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Iran Urges New Nuclear Meeting 'as Soon as Possible'


FILE - In this photo released by the official website of the office of the Iranian Presidency, President Ebrahim Raisi, center, visits an exhibition of Iran's nuclear achievements in Tehran, Iran, April 9, 2022.

Iran called on Monday for a new meeting "as soon as possible" in the talks that have been held in Vienna aimed at restoring its frayed 2015 nuclear deal with major powers.

Tehran has been engaged in negotiations with Britain, China, France, Germany and Russia directly and the United States indirectly to revive the so-called Joint Comprehensive Plan of Action (JCPOA).

"It is appropriate that a face-to-face meeting is held as soon as possible," Foreign Ministry spokesman Saeed Khatibzadeh told his weekly press conference.

"It is not yet decided where and when to have this meeting and at what level it should be held, but it is on the agenda."

The 2015 deal gave Iran sanctions relief in exchange for curbs on its nuclear program to guarantee that Tehran could not develop a nuclear weapon, something it has always denied wanting to do.

The U.S. unilaterally withdrew from the accord in 2018, under then-President Donald Trump, and reimposed biting economic sanctions, prompting Iran to begin rolling back its own commitments.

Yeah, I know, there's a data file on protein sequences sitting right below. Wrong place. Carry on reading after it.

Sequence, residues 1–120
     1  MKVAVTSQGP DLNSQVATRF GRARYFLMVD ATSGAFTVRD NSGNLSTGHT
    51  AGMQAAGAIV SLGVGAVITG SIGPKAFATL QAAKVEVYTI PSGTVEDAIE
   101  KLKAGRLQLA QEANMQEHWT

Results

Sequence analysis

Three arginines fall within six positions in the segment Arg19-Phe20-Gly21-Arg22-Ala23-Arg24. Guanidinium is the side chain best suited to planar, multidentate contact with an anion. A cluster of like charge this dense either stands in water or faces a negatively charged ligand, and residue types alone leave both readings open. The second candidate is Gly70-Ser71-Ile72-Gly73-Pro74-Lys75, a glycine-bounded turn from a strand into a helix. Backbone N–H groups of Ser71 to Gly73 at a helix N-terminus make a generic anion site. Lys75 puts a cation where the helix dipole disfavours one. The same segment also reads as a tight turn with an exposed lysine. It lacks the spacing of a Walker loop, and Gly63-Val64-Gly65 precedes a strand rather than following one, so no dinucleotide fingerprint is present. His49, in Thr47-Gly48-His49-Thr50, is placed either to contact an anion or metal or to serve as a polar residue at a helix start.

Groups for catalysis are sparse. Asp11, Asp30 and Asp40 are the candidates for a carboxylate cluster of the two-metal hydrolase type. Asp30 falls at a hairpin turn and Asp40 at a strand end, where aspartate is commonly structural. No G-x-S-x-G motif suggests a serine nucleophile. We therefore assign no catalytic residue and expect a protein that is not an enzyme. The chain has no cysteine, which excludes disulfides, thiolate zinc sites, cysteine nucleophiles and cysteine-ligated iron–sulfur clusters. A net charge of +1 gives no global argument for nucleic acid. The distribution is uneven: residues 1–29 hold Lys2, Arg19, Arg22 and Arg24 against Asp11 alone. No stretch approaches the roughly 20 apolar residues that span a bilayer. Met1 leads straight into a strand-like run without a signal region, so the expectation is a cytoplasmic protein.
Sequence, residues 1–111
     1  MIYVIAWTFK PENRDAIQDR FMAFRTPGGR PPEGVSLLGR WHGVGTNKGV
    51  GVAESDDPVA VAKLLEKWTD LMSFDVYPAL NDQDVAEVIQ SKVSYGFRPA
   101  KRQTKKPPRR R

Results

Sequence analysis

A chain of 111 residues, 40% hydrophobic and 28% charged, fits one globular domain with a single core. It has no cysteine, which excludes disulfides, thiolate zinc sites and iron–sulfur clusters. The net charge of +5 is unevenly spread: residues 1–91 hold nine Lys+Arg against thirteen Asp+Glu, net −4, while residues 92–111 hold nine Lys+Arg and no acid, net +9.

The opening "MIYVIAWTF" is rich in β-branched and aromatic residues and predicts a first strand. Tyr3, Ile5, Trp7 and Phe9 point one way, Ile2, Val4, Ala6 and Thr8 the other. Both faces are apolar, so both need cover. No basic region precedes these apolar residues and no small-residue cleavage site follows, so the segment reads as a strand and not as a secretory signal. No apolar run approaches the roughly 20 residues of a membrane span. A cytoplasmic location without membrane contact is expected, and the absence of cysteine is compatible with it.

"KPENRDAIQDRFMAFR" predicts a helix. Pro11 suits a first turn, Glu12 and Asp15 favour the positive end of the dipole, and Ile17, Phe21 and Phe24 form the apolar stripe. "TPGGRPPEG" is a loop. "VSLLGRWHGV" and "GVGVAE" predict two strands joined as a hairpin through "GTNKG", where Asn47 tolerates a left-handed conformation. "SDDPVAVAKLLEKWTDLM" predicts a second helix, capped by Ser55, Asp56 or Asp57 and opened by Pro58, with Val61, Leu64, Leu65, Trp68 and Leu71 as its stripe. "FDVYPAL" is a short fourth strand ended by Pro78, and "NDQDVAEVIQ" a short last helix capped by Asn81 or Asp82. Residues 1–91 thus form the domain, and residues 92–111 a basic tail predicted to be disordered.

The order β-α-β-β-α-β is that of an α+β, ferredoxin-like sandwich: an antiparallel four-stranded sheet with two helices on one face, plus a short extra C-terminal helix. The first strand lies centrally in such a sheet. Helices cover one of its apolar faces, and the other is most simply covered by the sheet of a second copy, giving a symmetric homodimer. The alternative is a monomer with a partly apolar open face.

FILE - A cameraman films the Hotel Palais Coburg, venue of the meeting of the Joint Comprehensive Plan of Action (JCPOA), in Vienna, Feb. 8, 2022.
FILE - A cameraman films the Hotel Palais Coburg, venue of the meeting of the Joint Comprehensive Plan of Action (JCPOA), in Vienna, Feb. 8, 2022.

Iran and the U.S., adversaries for decades, have been exchanging views through the European coordinator of the Vienna talks, Enrique Mora.

Khatibzadeh said Iran and the European Union agreed that "prolonging the pause in the negotiations is not in anyone's interest."

He added that the talks "have not stopped and are continuing through the coordinator of the Vienna negotiations."

The Vienna talks have been paused since March 11, after Russia demanded guarantees that Western sanctions imposed against it after its February 24 invasion of Ukraine would not damage its trade with Iran.

Days later, Moscow said it had received the necessary guarantees.

The Vienna talks, which started a year ago, aim to return the U.S. to the nuclear deal, including through the lifting of sanctions on Iran, and to ensure Tehran's full compliance with its commitments.

Among the key remaining sticking points is Iran's demand that Washington delist its Islamic Revolutionary Guard Corps from a U.S. terror list.

"It is clear that if the U.S. had given the right answers to the remaining issues ... everyone would have been in Vienna by now," said Khatibzadeh.

U.S. State Department spokesman Ned Price said last week that "if Iran wants sanctions lifting that goes beyond the JCPOA, they'll need to address concerns of ours that go beyond the JCPOA."

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